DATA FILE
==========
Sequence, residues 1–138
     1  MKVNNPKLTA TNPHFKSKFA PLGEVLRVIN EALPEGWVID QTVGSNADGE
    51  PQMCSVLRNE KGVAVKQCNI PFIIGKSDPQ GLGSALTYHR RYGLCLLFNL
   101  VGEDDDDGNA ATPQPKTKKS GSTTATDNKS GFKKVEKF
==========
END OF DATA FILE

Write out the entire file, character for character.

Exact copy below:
Sequence, residues 1–138
     1  MKVNNPKLTA TNPHFKSKFA PLGEVLRVIN EALPEGWVID QTVGSNADGE
    51  PQMCSVLRNE KGVAVKQCNI PFIIGKSDPQ GLGSALTYHR RYGLCLLFNL
   101  VGEDDDDGNA ATPQPKTKKS GSTTATDNKS GFKKVEKF